An NBA collective bargaining agreement will be reached by the end of this weekend. That's my prediction. That's where I'm putting my beer money. I've already told two friends I would buy the kegs if I'm wrong.
If the lockout persists, regular-season games will be lost for only the second time in NBA history. But nothing that transpired these past few days convinces me to tap into the savings.
Progress was made on a number of issues, including the adoption of a more generous revenue-sharing package that the small- to mid-market owners have pursued for years. Also, the owners softened their insistence on implementing a hard vs. soft salary cap, though details about luxury penalties, guaranteed contract lengths and player exceptions have yet to be finalized.
The most contentious issue remains the split of basketball-related income (BRI), the very essence of the league's economic model. Should the players continue to get 57 percent of BRI? Should that figure be cut to the mid-40s, as suggested by NBA owners, 22 of whom claim to have lost millions this past season? Or can a middle ground accommodate both parties?
The 50-50 split of BRI has been the answer all along, not only because it establishes an equal division of revenues, but because its very language advances the notion of a legitimate partnership between owners and players.
"We asked the players: Would either side entertain the notion of a 50-50 deal?" NBA commissioner David Stern said. "While in the process of discussing that with the owners, we were advised by the players that they would not do that. It's fair to say we were making good progress with the owners, but it was disrupted by the players saying no."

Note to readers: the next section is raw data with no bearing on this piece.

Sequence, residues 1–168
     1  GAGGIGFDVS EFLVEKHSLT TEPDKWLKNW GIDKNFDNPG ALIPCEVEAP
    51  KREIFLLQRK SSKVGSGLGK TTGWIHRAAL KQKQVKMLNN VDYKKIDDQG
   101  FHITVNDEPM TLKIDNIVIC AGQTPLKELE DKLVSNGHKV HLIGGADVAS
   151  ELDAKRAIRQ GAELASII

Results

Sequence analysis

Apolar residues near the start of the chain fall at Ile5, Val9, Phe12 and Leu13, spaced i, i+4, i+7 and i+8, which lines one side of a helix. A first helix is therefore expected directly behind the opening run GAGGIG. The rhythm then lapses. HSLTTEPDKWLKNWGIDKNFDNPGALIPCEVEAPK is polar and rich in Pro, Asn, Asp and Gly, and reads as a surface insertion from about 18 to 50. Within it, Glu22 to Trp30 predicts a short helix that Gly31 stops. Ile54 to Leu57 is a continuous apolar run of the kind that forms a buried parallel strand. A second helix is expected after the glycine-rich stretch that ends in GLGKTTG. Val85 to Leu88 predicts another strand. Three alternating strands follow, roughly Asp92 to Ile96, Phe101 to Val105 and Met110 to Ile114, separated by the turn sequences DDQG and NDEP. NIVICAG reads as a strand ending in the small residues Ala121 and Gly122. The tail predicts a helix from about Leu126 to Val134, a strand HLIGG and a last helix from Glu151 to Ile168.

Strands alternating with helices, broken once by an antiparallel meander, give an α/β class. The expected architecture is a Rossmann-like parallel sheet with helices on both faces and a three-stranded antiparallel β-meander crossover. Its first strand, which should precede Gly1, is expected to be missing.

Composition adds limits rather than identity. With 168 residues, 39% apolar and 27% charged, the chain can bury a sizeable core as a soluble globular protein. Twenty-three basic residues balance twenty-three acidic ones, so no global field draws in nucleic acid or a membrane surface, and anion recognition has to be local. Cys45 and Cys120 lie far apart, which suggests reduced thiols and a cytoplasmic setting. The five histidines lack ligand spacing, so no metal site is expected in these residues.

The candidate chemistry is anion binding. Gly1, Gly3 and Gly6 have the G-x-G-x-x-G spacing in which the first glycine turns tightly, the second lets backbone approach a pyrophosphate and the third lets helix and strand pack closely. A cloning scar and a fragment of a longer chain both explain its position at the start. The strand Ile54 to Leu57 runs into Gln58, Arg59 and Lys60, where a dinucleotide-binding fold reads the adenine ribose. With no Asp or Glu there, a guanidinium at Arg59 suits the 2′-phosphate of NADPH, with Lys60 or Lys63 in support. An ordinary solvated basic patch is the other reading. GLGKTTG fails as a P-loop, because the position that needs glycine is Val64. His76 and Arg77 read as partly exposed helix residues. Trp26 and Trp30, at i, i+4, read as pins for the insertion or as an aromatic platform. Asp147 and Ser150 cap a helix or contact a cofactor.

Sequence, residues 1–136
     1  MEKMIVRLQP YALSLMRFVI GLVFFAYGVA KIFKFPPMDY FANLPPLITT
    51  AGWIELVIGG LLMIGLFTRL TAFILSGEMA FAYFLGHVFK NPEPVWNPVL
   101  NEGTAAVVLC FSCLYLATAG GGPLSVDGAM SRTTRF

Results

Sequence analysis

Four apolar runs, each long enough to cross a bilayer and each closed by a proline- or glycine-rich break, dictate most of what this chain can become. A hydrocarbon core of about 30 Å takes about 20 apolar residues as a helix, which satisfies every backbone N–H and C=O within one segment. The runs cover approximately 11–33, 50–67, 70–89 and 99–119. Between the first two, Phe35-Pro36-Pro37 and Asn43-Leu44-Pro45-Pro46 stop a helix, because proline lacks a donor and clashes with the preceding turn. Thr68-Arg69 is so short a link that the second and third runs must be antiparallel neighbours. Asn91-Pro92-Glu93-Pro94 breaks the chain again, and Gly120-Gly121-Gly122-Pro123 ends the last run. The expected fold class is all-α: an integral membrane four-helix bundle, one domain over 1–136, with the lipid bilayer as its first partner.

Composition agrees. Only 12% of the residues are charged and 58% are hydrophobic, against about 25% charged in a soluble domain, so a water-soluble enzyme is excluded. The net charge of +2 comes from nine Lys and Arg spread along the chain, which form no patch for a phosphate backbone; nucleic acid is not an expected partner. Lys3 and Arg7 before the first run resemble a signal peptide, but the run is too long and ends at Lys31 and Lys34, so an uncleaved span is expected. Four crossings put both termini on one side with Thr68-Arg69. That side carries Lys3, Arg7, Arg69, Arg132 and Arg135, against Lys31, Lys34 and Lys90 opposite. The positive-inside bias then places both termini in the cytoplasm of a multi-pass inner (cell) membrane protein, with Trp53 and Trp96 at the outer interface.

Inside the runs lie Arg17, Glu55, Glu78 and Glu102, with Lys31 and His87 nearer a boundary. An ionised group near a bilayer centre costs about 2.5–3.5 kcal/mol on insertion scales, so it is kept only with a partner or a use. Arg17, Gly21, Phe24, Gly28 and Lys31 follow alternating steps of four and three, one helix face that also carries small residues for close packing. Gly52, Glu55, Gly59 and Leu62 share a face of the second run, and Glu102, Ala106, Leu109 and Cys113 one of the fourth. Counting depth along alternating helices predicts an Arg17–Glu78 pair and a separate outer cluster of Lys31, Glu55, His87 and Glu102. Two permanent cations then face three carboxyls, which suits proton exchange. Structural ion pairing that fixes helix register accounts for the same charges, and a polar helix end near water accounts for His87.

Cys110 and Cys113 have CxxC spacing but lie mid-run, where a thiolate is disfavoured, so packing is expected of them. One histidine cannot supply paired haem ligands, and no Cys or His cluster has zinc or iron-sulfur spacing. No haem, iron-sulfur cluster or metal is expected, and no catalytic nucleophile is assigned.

So they're not there yet. Give it a week. Late Tuesday, Stern said the owners have offered to accept a players' share of 47 percent and would entertain the possibility of jumping to 50 percent. Perhaps because the revenue-sharing proposal is said to have been successfully bargained, appeasing a few of the hard-line owners, Stern appears to be receiving less resistance these days in his own camp.
Union executive director Billy Hunter, who is also an attorney, is in a far more delicate situation. Though he has long believed his constituents would compromise with 50 to 53 percent of total revenues, he continues to feel pressure from several high-powered agents lobbying for decertification, among other things.
In a letter that agents Arn Tellem, Bill Duffy, Dan Fegan, Jeff Schwarz, Leon Rose and Henry Thomas sent to their NBA clients before Tuesday's meeting -- and obtained by SI.com -- players were urged to proceed cautiously and given specific advice on the issues.
But in contrast to talks in 1998-99, when the union leadership was in the grip of individual agents, current players association president Derek Fisher has been steadfast behind Hunter and able to keep his rank and file from splintering.
"We are employees and the NBA are the employers," Fisher said Tuesday, "and they hold the key to when the lockout will be over."
Losing preseason games is a minor inconvenience. But a week from now? If Stern, Hunter and Fisher aren't seated together at a microphone, all smiles and ready to start collecting their salaries, I'll take back my beer bet.
As was patently clear during the 1998-99 labor impasse, when the lockout wiped out the first two months and shortened the regular season to 50 games, once that original threshold is crossed -- those first meaningful games missed -- the dynamic changes.
Positions harden. Compromises become more difficult. The three most important people in the room -- Stern, Hunter and Fisher -- will have more voices in their ears, more challenges to their leadership. Then, folks, forget about a shortened season. Then, we could actually be staring at no season.